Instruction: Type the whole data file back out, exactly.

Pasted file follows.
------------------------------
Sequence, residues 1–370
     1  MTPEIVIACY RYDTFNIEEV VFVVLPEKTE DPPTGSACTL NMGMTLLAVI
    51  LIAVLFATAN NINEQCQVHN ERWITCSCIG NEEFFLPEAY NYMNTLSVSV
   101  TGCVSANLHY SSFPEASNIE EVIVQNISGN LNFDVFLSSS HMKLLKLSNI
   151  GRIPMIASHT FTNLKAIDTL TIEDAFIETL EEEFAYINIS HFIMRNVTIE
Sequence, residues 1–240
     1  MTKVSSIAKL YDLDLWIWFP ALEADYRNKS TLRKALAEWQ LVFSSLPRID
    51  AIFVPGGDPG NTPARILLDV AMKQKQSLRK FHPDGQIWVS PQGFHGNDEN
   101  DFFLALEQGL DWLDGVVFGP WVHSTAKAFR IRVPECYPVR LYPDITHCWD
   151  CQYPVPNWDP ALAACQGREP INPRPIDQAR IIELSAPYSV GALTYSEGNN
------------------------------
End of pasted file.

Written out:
Sequence, residues 1–370
     1  MTPEIVIACY RYDTFNIEEV VFVVLPEKTE DPPTGSACTL NMGMTLLAVI
    51  LIAVLFATAN NINEQCQVHN ERWITCSCIG NEEFFLPEAY NYMNTLSVSV
   101  TGCVSANLHY SSFPEASNIE EVIVQNISGN LNFDVFLSSS HMKLLKLSNI
   151  GRIPMIASHT FTNLKAIDTL TIEDAFIETL EEEFAYINIS HFIMRNVTIE
Sequence, residues 1–240
     1  MTKVSSIAKL YDLDLWIWFP ALEADYRNKS TLRKALAEWQ LVFSSLPRID
    51  AIFVPGGDPG NTPARILLDV AMKQKQSLRK FHPDGQIWVS PQGFHGNDEN
   101  DFFLALEQGL DWLDGVVFGP WVHSTAKAFR IRVPECYPVR LYPDITHCWD
   151  CQYPVPNWDP ALAACQGREP INPRPIDQAR IIELSAPYSV GALTYSEGNN